3. Get yourself to a safe place
Your safety comes first, so whether you’ve experienced a robbery or come home to a burglary, get yourself and your family to a secure place nearby. Go to a trusted neighbor’s house or a local business you feel safe in. However, don’t wander too far. Once emergency services arrive, you’ll want to be close enough to return and provide a statement.
4. Gather security recordings
In the hours or days following the break-in, gather as many recordings of the incident as you can to then hand off to investigators. If you have security cameras on your property, call the security company or review your digital recordings to find pertinent videos. If it’s too difficult for you to review the footage yourself, it’s okay to send recordings for the estimated window of time without confirming the content itself.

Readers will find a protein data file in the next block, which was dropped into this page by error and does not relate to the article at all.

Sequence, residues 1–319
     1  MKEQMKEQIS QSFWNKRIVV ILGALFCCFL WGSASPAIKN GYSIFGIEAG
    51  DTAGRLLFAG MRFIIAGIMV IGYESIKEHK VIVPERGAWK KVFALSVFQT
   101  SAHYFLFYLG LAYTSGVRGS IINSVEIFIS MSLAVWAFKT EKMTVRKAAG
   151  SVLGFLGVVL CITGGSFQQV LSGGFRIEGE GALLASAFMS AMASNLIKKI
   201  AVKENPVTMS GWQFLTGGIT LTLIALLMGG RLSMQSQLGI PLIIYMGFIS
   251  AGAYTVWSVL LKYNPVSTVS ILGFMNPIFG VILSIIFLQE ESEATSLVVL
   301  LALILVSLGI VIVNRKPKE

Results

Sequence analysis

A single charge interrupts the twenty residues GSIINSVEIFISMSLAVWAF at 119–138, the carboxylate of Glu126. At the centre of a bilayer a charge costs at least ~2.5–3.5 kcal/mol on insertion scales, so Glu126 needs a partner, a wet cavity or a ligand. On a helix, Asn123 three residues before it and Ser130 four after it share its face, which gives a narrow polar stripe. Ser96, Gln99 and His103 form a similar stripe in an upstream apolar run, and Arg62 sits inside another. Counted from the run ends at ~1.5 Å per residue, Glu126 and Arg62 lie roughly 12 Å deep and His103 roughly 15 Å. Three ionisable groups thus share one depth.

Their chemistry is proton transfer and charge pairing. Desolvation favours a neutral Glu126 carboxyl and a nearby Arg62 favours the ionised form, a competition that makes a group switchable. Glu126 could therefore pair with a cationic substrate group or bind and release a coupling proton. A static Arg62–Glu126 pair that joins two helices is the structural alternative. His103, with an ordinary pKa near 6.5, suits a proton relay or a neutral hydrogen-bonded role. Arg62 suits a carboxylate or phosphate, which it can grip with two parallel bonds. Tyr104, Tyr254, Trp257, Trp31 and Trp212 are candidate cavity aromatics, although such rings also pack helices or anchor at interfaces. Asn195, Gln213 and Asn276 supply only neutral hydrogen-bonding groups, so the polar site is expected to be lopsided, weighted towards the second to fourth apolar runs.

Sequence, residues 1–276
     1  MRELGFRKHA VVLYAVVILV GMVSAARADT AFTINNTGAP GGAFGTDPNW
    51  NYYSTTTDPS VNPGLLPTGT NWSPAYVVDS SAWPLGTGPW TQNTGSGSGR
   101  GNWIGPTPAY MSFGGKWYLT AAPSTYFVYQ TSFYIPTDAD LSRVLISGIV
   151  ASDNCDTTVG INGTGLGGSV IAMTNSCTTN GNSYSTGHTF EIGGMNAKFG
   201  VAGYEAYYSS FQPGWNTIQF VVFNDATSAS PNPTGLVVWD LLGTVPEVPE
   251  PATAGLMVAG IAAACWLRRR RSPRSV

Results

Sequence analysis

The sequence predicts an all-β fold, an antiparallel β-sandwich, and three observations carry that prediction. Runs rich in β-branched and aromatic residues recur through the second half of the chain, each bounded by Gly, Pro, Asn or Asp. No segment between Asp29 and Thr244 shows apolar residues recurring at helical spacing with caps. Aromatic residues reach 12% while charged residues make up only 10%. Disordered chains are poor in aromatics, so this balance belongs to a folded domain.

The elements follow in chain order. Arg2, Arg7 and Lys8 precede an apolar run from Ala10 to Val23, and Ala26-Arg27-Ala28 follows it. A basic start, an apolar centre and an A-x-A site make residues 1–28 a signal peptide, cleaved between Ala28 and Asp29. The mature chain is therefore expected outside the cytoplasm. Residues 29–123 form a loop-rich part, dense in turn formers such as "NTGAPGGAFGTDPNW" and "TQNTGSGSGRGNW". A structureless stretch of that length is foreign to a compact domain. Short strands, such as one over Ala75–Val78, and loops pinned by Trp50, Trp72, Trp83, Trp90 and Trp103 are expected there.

You can also ask surrounding neighbors if they have recordings of the incident, but note that police may have already inquired and gathered these files. And in some cases, police may work directly with your security company to gather footage for the investigation.
5. Change your locks or codes
For your and your family’s safety, change any manual locks and digital codes on your property as soon as possible. Unless you’re confident in your DIY skills, we recommend calling a locksmith to change manual locks so they can ensure your home is secure against seasoned burglars and criminals.
6. Contact your insurance company